Even though sun exposure and family history can increase the risk of skin cancer, there are several measures that you can undertake to decrease your risks. Since multiple studies have shown that the amount of lifetime sun exposure is the number one risk factor for skin cancer, most of the preventive methods aim to avoid the damage due to daily sun exposure.
Obviously, avoidance of sun exposure is the simplest way to reduce the risk of skin cancer. This of course, does not mean living a nocturnal lifestyle. It is simply advised that if you are outside, you should cover exposed skin. For example, a hat can cover the face from direct rays of the sun in order to protect the face and the scalp. However, avoidance is not always a feasible option. Therefore, other preventive measures can and should be employed.
Often dubbed as the "fountain of youth," a properly selected sun block or sunscreen, used daily, is the simplest and most effective way to protect the skin from sun damage. It is important to understand the various types of products available to you commercially and through your physician's office in order to choose the material that is best for your skin. You may use the information on this website to make the appropriate selection for yourself or come in for a consultation to determine the best product for your skin.
Sunscreens absorb ultraviolet (UV) rays from the sun, decreasing the penetration into the skin. Sunblocks reflect the sun's UV rays back into the environment and block their penetration into the skin.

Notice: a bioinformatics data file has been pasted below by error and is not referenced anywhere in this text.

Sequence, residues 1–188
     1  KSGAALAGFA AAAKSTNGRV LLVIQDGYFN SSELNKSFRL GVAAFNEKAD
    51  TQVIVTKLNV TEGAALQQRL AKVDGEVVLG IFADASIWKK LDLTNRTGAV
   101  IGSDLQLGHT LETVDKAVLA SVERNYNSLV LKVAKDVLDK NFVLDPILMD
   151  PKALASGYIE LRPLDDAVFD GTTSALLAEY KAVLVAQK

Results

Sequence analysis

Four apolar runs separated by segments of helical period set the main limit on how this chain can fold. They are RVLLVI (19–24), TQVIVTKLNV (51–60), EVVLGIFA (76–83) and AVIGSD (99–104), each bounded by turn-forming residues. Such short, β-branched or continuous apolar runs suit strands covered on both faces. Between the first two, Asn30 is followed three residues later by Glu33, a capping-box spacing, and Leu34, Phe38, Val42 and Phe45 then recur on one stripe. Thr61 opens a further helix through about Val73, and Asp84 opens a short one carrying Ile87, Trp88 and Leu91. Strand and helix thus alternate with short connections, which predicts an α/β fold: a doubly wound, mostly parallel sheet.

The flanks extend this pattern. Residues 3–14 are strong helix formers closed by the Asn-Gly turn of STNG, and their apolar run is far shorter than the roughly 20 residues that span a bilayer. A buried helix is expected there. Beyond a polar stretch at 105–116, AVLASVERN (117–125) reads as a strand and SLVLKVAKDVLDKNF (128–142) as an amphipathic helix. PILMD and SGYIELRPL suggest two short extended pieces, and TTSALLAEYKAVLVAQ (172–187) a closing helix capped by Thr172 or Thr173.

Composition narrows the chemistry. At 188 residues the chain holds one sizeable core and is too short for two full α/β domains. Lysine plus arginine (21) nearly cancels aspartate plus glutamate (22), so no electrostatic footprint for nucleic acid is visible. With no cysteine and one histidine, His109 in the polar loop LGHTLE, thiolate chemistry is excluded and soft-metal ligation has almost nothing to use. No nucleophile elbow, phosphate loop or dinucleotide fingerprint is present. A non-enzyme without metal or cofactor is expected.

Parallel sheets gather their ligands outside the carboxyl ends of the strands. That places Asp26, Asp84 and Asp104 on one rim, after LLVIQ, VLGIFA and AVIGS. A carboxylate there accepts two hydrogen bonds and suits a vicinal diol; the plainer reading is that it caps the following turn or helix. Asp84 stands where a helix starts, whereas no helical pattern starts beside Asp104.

UVB rays have been linked to skin redness, sunburns and skin cancers. UVA rays are associated with sunspots, increased aging as well as skin cancers. Historically, sunscreens and sunblocks have protected against UVB rays. Recently, sunscreens have been developed to also block UVA rays.
Values greater than SPF 50 cannot be substantiated with today's laboratory testing methods. However, SPF does not comment on the level of protection against the UVA radiations, although some products may have a separate star rating system for UVA protection.
No sun block or sunscreen is capable of blocking all of the sun's radiation.
The type of sunscreen you should use depends on your skin type and amount of sun exposure. For day-to-day use, an SPF of 15 is sufficient. If prolonged exposure to sun is expected, higher SPF's are recommended.
Although many cosmeceutical products are available in the market, few have demonstrated the ability to improve the risk of developing skin cancer. Our surgeons at Osborne Head and Neck Institute are among the few in the country to have shown scientifically that certain types of topical skin products have the ability to decrease the likelihood of developing skin cancers. We are one of the few locations that have this product available for our patients. For further information please visit our online store.